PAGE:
Virgin America has produced a six-hour-long commercial (!) about how unbearably dull the average plane ride is. The video shows passengers on a flight across the US, playing out its events in real time.

And it has clocked around 850K views till date!

Now moving over to the other dimension.

A New Photographic Language Is Born 

..so says dronestagram – an instagram for footage shot with dones. We even have drone film festivals celebrating the art of films shot with drones.

Meanwhile, YouTube this year has begun supporting 360 degree videos.  And we already see several brands experimenting with this format to create truly amazing ads like the one below by Nike that lets you be Neymar on the field as you check out the action in all its 360 degree glory.

And then you have the likes of Oculus and Google Cardboard pushing the envelope in bringing immersive VR experiences to life. The Economist in its recent feature has in fact taken a serious take on VR and believes that its time may have truly come.

This year the Tribeca Film Festival has even called for ‘virtual reality’ submissions.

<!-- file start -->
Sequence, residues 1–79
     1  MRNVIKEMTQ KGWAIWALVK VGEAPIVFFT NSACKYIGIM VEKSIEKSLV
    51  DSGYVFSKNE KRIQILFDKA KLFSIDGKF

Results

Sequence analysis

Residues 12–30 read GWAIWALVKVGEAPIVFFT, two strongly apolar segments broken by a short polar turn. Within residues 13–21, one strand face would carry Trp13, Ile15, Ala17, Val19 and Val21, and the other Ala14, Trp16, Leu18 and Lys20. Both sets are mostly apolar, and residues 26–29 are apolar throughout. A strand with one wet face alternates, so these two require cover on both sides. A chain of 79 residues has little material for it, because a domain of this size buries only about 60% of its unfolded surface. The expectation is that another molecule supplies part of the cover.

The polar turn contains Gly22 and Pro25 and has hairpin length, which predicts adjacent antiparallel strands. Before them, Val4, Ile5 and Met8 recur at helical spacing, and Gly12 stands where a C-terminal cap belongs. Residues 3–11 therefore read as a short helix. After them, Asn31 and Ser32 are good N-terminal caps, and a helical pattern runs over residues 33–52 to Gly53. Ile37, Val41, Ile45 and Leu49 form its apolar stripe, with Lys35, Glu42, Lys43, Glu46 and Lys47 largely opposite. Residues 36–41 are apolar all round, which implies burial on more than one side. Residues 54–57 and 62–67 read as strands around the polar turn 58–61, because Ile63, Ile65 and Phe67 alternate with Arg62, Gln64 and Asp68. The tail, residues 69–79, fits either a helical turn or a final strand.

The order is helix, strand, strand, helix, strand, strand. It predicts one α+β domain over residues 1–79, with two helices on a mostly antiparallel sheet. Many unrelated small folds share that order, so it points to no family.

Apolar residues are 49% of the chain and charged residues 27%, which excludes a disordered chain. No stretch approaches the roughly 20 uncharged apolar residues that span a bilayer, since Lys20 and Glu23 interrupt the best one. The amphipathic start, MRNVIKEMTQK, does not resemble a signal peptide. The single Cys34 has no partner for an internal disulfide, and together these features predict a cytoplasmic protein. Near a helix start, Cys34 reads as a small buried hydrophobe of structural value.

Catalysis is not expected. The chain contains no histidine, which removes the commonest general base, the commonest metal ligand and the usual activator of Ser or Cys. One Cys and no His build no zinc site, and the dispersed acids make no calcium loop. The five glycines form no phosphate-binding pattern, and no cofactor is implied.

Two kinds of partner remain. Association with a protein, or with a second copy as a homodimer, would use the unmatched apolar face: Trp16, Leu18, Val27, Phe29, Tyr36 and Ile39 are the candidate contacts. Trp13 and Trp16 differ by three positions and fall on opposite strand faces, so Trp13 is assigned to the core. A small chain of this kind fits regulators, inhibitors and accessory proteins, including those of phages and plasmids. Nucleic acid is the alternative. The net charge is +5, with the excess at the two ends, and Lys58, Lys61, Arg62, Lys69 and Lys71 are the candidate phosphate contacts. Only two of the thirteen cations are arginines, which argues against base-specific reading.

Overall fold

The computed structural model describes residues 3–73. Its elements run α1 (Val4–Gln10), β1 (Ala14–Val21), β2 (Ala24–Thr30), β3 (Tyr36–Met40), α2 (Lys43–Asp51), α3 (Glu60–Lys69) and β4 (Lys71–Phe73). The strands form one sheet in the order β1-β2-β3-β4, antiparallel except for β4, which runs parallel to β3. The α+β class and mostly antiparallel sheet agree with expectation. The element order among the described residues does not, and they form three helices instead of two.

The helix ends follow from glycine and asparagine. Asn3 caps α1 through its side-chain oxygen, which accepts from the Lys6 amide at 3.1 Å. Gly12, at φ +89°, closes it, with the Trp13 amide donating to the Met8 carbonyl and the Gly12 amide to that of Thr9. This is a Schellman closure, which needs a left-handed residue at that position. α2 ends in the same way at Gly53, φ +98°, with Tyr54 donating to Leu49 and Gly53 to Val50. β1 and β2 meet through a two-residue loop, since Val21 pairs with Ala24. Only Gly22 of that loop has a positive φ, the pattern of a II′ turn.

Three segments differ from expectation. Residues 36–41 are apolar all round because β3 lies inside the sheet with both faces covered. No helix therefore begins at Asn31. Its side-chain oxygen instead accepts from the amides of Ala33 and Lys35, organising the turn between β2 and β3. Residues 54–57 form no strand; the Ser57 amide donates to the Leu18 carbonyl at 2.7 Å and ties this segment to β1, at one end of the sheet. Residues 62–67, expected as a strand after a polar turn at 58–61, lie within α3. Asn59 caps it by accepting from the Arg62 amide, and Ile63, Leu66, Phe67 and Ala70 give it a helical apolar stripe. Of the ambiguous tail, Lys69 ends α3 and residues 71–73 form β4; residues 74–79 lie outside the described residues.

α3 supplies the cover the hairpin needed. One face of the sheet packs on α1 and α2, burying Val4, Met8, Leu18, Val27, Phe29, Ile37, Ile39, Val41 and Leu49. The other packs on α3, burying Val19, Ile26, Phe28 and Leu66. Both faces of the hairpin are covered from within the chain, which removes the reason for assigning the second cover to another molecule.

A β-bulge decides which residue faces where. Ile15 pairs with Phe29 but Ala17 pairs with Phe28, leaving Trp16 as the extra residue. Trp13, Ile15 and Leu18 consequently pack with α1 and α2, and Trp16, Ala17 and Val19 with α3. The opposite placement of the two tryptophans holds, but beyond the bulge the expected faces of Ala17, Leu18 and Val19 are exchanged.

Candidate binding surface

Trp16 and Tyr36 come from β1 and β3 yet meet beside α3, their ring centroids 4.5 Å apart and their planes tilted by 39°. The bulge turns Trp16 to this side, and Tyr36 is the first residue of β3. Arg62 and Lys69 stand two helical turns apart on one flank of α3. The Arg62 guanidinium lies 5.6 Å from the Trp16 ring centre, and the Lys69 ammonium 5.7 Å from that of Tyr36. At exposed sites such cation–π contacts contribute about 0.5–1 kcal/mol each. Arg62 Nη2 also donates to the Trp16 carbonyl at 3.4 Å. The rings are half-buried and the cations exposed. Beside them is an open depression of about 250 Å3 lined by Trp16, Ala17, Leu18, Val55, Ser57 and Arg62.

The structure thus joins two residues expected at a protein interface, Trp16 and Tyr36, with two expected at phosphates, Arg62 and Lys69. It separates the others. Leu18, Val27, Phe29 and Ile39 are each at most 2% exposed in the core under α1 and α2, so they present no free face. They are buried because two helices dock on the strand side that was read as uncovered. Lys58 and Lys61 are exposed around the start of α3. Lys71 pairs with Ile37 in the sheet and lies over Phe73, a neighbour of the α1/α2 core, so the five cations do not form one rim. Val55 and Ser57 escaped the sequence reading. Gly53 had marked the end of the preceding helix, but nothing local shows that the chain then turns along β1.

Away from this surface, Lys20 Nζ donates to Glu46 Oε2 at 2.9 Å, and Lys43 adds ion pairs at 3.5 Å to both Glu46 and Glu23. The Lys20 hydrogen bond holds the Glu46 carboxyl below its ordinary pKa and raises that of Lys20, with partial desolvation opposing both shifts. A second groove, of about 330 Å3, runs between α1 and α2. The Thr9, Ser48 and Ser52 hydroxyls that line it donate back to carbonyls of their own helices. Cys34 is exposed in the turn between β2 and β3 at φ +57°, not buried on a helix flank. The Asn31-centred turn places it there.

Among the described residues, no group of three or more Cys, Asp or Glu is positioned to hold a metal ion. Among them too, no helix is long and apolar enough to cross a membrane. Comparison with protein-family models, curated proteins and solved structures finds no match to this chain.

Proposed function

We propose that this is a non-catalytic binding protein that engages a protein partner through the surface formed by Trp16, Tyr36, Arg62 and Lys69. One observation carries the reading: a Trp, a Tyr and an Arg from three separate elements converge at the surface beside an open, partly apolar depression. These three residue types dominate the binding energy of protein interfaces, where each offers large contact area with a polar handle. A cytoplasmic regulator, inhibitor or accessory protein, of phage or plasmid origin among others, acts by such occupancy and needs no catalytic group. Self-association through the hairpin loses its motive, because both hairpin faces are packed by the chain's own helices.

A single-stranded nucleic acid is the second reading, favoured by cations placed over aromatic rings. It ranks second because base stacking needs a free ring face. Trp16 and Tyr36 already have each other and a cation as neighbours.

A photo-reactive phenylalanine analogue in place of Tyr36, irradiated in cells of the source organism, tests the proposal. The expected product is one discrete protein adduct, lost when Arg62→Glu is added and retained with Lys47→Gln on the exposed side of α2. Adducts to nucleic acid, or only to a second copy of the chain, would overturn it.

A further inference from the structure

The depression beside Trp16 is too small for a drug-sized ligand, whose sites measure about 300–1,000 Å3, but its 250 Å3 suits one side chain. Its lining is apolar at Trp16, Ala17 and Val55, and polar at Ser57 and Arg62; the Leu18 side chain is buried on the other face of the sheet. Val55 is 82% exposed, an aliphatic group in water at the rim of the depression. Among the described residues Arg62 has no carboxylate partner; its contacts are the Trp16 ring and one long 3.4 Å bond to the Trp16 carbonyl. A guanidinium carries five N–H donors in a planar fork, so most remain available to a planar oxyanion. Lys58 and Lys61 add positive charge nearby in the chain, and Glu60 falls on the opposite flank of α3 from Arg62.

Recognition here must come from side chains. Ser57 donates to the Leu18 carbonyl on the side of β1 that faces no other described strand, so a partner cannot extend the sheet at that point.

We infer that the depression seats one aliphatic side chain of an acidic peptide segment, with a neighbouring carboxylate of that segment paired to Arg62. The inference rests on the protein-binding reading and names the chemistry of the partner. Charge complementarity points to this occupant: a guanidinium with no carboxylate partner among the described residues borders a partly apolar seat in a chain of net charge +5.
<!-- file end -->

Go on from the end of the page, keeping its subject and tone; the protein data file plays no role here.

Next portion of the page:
So why are we raving about films shot with drones, 360 degree videos and VR experiences?

It is possibly because they all have one thing in common.

Thanks to these, for the first time ever, we see possibilities in constructing narratives that can build anticipation at the rate of actual human experience in space

So what’s next?

From Story Telling To Crafting Experiences To Creating Parallel Lives

As story tellers build increasingly immersive narratives that progress at the rate of actual human expereince in time and space, it ceases being just a story and moves on to becoming an experience.

Now throw in sensory elements to this and you suddently have multi dimensional multi sensory experiences that could possibly shift the business of story telling to that of building parallel realms of existence.

What does that mean?

I don’t know.

But at the least it could herald a second life for the likes of Second Life.